Wednesday, September 6, 2006


Wednesday September 6 2006

I went out with the botany girls again today to do a plant survey up on Powell Flat, out in the middle of nowhere, repeating a survey done in 1979, using their old maps. It took us 2 hours to drive there – the last 45 minutes along a very rough and overgrown ‘jeep trail’ (yea, like maybe it was a jeep trail 25 years ago). After we parked, we had about an hour uphill hike ahead of us… but it was more like 2 ½ hours, because we followed the wrong canyon up the first time.

We finally got into the right canyon, and lo and behold, there was the faint trail mentioned from 27 years ago. Only thing was, Amy was feeling a bit sluggish from a week at Burning Man and no food at all to her name but a very sweet huge cinnamon bun, Laura was feeling a bit slow due to asthma, and I was feeling a bit wimpy from a long hike yesterday. So, we puttered along.

We passed over many bear tracks, and I am sure we were in cougar country, so I kept my eyes peeled up the canyon hillsides and behind us, though we saw no sign of cats. After an uphill hour, we made it up onto the flat. We surprised 2 huge bucks in the distance that took off like a shot, kicking up clouds of dust and never stopped running till they reached Yosemite. We came across many obsidian chips on the flats – a large historic or prehistoric Indian site.

A pleasantly cool day up top at about 9000’, with a few thunderhead-wanna-be clouds to the east, and a few plain ol’ rain clouds to the north. Being paranoid of lightning (for good reason), I watched those clouds closely, to make sure they bore no lightning. But they just dropped rain in the distance and fortunately didn’t turn threatening. And we’d checked the weather – no thunderstorms anywhere in the forecast.

My toe – the one I might’ve broken 7 weeks ago – was aching again; I guess I hiked over its limit yesterday and today. I had to loosen my shoe while I worked.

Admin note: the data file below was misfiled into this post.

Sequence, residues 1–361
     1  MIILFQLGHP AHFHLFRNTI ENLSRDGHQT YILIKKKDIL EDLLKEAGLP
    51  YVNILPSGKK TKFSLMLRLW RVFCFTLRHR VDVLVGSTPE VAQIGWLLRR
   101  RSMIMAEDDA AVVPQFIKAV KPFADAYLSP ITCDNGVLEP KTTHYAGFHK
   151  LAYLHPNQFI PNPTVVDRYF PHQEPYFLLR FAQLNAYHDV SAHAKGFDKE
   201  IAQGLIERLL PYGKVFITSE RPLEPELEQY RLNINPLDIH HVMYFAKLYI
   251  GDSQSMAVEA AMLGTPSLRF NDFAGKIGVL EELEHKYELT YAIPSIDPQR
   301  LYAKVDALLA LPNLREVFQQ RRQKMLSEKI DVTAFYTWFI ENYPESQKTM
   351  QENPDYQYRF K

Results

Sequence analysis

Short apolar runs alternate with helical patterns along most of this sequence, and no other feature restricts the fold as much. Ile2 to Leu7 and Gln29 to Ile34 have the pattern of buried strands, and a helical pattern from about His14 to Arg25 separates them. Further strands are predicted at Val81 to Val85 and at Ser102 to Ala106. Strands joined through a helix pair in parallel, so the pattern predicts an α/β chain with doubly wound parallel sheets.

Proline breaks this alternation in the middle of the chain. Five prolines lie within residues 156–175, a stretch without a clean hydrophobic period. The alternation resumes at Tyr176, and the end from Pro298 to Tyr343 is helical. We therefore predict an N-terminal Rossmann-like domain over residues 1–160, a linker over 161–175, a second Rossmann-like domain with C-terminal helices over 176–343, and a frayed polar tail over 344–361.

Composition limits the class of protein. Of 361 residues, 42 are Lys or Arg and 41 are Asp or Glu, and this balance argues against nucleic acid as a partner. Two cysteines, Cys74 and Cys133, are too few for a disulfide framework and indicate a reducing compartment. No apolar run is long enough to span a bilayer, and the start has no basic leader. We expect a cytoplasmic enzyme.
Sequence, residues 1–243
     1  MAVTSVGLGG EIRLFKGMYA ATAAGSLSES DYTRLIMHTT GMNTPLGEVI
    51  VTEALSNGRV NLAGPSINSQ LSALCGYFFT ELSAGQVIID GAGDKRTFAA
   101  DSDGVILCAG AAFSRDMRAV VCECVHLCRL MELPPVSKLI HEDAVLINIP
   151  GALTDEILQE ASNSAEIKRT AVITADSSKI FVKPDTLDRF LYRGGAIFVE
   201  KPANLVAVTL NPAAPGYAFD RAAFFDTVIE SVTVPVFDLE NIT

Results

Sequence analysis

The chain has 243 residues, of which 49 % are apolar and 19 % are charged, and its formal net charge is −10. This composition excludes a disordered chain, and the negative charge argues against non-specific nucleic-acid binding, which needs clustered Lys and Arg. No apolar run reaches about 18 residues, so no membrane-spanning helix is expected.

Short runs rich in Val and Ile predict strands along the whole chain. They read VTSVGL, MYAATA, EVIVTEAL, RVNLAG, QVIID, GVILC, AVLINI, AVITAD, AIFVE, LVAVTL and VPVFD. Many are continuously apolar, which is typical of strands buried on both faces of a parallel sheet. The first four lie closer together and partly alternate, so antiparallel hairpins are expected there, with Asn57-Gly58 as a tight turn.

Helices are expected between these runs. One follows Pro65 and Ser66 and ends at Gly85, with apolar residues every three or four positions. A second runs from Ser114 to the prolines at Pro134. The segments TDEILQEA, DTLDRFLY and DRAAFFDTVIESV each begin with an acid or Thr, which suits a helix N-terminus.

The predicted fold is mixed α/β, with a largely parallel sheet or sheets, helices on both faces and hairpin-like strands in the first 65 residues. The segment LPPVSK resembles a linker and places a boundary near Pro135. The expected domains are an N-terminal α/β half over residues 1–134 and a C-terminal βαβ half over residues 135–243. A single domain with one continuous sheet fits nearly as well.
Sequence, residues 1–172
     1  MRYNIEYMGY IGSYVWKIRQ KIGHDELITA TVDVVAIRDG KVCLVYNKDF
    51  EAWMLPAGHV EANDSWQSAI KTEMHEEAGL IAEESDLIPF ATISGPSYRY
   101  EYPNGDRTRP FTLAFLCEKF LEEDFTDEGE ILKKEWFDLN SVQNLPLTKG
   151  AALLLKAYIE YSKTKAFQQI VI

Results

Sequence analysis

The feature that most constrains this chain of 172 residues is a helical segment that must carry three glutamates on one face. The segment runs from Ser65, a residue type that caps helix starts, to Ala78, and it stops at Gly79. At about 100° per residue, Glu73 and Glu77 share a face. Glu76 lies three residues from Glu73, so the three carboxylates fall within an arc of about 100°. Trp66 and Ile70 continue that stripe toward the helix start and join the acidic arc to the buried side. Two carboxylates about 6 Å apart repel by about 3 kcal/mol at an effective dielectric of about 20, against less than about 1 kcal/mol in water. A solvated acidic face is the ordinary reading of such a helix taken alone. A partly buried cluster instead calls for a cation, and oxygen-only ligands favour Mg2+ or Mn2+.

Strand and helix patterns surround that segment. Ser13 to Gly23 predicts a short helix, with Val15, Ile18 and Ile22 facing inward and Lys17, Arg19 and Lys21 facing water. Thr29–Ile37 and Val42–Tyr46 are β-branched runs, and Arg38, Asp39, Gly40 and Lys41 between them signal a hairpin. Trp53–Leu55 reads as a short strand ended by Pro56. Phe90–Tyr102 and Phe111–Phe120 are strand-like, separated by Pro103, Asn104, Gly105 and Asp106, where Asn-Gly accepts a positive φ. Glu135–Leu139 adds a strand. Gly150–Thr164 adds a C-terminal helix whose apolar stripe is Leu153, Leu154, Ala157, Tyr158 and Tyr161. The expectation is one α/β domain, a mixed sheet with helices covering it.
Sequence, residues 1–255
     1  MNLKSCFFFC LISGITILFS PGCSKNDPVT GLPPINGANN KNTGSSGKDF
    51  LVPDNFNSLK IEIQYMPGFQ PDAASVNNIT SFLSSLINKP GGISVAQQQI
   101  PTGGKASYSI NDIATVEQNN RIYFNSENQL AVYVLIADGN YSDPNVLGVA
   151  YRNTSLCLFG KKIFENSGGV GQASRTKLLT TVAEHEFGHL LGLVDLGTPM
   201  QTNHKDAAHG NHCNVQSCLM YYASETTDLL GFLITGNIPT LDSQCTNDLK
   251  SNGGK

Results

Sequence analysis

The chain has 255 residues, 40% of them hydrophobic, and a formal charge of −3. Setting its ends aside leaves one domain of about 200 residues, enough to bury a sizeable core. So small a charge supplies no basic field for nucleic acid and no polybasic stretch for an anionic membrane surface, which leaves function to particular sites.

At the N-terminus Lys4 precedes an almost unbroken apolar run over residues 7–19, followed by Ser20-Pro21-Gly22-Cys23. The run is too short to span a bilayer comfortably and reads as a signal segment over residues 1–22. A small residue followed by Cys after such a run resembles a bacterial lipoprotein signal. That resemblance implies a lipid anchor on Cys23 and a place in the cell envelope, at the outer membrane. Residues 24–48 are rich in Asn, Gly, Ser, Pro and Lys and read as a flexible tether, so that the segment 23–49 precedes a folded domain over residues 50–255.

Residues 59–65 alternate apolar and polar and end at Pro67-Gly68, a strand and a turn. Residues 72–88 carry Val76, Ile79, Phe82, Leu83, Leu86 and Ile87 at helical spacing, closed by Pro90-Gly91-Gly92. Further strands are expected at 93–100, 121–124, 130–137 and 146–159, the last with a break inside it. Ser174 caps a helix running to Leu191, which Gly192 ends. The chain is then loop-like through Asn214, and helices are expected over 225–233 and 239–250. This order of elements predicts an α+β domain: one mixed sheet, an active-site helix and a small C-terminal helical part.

We worked swiftly through our survey, stopping only when we heard a couple of coyotes yipping and howling not a half-mile away. They were hidden in the sagebrush well – I couldn’t even pick them out with my binoculars, though they must have been right there. It stayed patchy-cloudy, dark rain clouds all around us now, even sprinkling on us a bit.

Just as we almost finished, it happened… thunder, out of the blue, right above us. We three looked at each other, startled, since we’d gone all day now with agreeable sprinkles here and there, and with no lightning or thunder. We continued packing up, when, BOOM – another rumble, this one with more serious intent, to our south.

When that happens to me – when I’m outside, exposed with no shelter, and that has happened to me FAR too frequently, that crack of thunder is like a shockwave of adrenaline and fear that cracks inside me. Then it thundered more seriously above and just to the north of us. Oh, shit. Forget the GPS point we wanted to take, just grab our stuff – including the metal stakes and my metal radio and the metal (or maybe it was aluminum) hole digger – and run for that canyon!

I wasn’t as scared as I’ve been in other lightning storms because so far, this one was not as wicked, but, I was still scared, and though I did not sprint for that canyon cleft off the flat, I ran, with Laura and Amy on my heels. We were about 300 yards from it. I always have time to think of things while I’m running scared from lightning. Things such as, man, I really need to get a will made out, and, things will really suck if someone gets struck, because we are at least 2 ½ hours from help. No radio contact, no way out but the way we came, on foot an hour to the car, and at least 1 ½ hrs by road before we might get radio contact.

Then Amy said “Oh, dear, look,” and over our shoulder, just over a ridge about ¾ of a mile away, a funnel of smoke rose up into the air – lightning must have struck something there.

Oh, shit. Giggling nervously, we ran faster! 100 more yards to the mouth of the canyon. We got there and we didn’t stop running until we dropped down in height quite a bit from the flat. Of course, lightning does not always strike the tallest object, but we still felt a little safer down lower.

A half-mile down the canyon, after we’d slowed down to an almost-normal fast walk, and in fact heard no more thunder, I realized I had forgotten about my toe hurting.

Funny what a little motivation will do for sluggishness, asthma, and pain!

Now if you’ll excuse me, I’m going to go work on my will.

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